I found this a bit disappointing because the language is exceptional, the sentence structure, descriptions etc, very well written, but the plot development is confused and still being expanded without really getting anywhere, much like Robert Jordan became.
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5 of 11 people found the following review helpful
4.0 out of 5 stars Bring on The Wicked Day, 3 Jun. 2011
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This review is from: The Shadow at the Gate (The Tormay Trilogy Book 2) (Kindle Edition)
The Shadow at the Gate is the second book of the Tormay trilogy by Christopher Bunn. The adventure continues to follow Jute, Severan, Levoreth, and Ronan as they deal with the coming Dark. There are some interesting moments detailing the creation of the world and the origin of the Dark. There is also an explanation on the magic system that works in his world. In Shadow at the Gate many of story lines from The Hawk and His Boy are coming together, building towards the climax that will be found in book 3. A few of the minor characters from the first book get to step up into more prominent roles and more is revealed about the thieves guild. The story continues to be well written and enjoyable with a solid flow. This book has an open ending that really helps build anticipation for the third book in the series.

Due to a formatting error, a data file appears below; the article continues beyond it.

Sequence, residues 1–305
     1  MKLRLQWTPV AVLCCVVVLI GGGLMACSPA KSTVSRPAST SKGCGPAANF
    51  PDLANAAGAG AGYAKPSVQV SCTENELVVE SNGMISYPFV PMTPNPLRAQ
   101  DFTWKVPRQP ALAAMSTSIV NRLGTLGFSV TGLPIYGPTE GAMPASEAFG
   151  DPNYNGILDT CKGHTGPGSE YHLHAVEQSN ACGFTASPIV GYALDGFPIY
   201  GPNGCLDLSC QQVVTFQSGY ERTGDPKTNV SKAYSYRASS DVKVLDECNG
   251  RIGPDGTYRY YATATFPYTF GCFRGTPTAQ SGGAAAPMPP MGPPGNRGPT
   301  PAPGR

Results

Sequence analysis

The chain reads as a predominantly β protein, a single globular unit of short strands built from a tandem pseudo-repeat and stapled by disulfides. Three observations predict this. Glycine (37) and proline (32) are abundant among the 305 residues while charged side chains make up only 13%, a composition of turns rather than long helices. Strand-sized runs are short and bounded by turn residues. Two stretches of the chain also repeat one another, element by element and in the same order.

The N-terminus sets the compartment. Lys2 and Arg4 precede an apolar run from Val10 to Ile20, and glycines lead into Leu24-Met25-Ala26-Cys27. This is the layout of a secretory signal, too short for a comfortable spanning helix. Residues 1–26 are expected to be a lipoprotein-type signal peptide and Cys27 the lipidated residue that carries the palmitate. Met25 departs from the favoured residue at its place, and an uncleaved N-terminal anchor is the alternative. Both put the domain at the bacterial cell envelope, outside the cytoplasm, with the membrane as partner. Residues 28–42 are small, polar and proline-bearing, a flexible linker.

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4 of 10 people found the following review helpful
4.0 out of 5 stars Loved it! Great sequel to the first book!!, 26 May 2011
This review is from: The Shadow at the Gate (The Tormay Trilogy Book 2) (Kindle Edition)